Reinventing the library by Alberto Manguel

The Oberlausitzische Library of Sciences in Gorlitz, Germany. Credit Florian Monheim/Arcaid via Corbis

Plato, in the “Timaeus,” says that when one of the wisest men of Greece, the statesman Solon, visited Egypt, he was told by an old priest that the Greeks were like mere children because they possessed no truly ancient traditions or notions “gray with time.” In Egypt, the priest continued proudly, “there is nothing great or beautiful or remarkable that is done here, or in your country, or in any other land that has not been long since put into writing and preserved in our temples.”

Such colossal ambition coalesced under the Ptolemaic dynasty. In the third century B.C., more than half a century after Plato wrote his dialogues, the kings ordered that every book in the known world be collected and placed in the great library they had founded in Alexandria. Hardly anything is known of it except its fame: neither its site (it was perhaps a section of the House of the Muses) nor how it was used, nor even how it came to its end. Yet, as one of history’s most distinguished ghosts, the Library of Alexandria became the archetype of all libraries.

Libraries come in countless shapes and sizes. They can be like the Library of Congress or as modest as that of the children’s concentration camp in Auschwitz-Birkenau, where the older girls were in charge of eight volumes that had to be hidden every night so that the Nazi guards wouldn’t confiscate them. They can be built from books found in the garbage, like the Yiddish Book Center in Amherst, Mass., set up in 1980 by the 24-year-old Aaron Lansky from volumes discarded by the younger generations who no longer spoke the tongue of their elders, or they can be catalogued in the mind of their exiled readers, in the hope of resurrection, like the libraries plundered by the Israeli soldiers in the occupied territories of Palestine. It is in the nature of libraries to adapt to changing circumstances and threats, and all libraries exist in constant danger of being destroyed by war, vermin, fire, water or the idiocies of bureaucracy.

Read more: http://nyti.ms/1R0E2G8

Librarians as Agents of Transformation by R. David Lankes

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“Librarians as Agents of Transformation” Informatie aan Zee 2015. Oostende, Belgium.

Abstract: What can be learned from the U.S. librarians’ response to the economic crisis, and the importance of hope and optimism in librarianship.

Slides: http://quartz.syr.edu/rdlankes/Presentations/2015/Belgium.pdf

Audio: http://quartz.syr.edu/rdlankes/pod/2015/Belgium.mp3

Major Points: Major points

Why do people who love libraries love libraries? by The Ubiquitous Librarian

September 19, 2014, 2:15 pm

Why do people who love libraries love libraries? This has been on my mind a lot lately. Whenever I find a patron who is passionate about their library I try to decode those tangible and intangible qualities that made the experience so powerful for them.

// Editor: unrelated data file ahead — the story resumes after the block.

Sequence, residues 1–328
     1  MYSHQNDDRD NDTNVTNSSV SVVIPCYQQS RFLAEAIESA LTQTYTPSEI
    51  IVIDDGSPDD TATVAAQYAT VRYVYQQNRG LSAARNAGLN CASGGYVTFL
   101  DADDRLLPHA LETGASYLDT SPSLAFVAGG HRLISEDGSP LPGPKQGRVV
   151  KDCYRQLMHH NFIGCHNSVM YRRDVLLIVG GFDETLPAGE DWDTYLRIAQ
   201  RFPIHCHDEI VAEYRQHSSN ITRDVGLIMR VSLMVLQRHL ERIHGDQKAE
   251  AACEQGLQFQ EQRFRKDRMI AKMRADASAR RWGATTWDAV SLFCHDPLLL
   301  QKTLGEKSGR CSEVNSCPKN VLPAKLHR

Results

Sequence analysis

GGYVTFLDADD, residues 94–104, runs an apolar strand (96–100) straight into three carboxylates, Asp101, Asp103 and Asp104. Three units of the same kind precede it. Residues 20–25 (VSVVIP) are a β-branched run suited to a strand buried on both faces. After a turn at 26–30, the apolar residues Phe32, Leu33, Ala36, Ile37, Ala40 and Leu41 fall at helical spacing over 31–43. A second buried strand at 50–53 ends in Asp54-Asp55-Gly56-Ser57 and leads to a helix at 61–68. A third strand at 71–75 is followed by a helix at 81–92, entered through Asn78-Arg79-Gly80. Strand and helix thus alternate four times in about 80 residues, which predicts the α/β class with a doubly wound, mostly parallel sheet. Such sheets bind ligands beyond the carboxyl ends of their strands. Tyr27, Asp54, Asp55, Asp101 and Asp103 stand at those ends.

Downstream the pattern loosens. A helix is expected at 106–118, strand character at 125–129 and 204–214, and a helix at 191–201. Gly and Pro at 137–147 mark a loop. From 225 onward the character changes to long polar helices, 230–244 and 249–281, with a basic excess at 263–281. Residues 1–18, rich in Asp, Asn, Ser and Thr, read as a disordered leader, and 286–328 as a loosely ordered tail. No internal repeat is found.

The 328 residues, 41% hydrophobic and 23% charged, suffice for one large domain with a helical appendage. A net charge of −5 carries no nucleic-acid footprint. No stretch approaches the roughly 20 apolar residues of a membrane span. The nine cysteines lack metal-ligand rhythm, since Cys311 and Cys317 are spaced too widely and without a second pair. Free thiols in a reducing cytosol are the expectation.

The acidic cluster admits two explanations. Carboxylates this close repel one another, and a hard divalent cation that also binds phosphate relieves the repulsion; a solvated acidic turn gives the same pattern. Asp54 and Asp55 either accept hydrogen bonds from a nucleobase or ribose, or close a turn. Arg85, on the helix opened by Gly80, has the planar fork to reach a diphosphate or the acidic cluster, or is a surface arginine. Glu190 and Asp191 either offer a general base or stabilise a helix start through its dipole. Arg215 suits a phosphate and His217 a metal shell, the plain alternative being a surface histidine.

Our library’s feedback form a great source of insight. Each semester we have a handful of students point out customer service problems, confusing policies, or facilities issues. They are telling us these things because they care and want us to improve. We address matters when we can. For example, one student suggested a new software configuration in our scale-up classroom that we enacted and it greatly improved usability.

This week I had a student share an opinion about our bathrooms. She was frustrated because while we are renovating some parts of our library we are not upgrading the restrooms. Our original building is from the 1950’s so it is definitely long overdue for some infrastructure enhancements. I checked the maintenance logs and from January 2014 to July 2014 we had 224 items reported: 104 of those were related to leaks or clogs. There is only so much you can do about plumbing; it’s an issue that I think about daily.

Yet despite the facilities the building is as busy as ever. Like many academic libraries we often cannot accommodate the demand. This brings me back to the student and the bathrooms. During our correspondence I wondered why is she here? There are so many other places on campus: why the library? So I asked. This part of her response was very powerful:

 The other thing about the library:  There’s a group of regular library people who are always here. I’ve made some really wonderful friendships in the library. There’s just kind of a library community of library people doing library things… you get used to seeing specific people every day, and it’s really nice. Then sometimes there are little library surprises–like the dog-petting thing or the grilled cheeses, or even some of the programs and lectures. Those things happen and it’s like the library is telling you it loves you back.

I don’t want to ruin this by trying to analyze her thoughts, but it dovetails nicely with a theme I have been expressing: shifting our thinking from library commons to library communities.

When librarians talk about a commons it is almost always about “the stuff in the space” – whereas communities are about “people doing stuff together.” I’m trying to move away from a focus on serving “the user” and instead trying to appreciate that we engage and support a multitude of different people with diverse and different needs. Our libraries are different things to different people. We cannot be everything to everyone, but we can be very good at being some things to many people. Read more…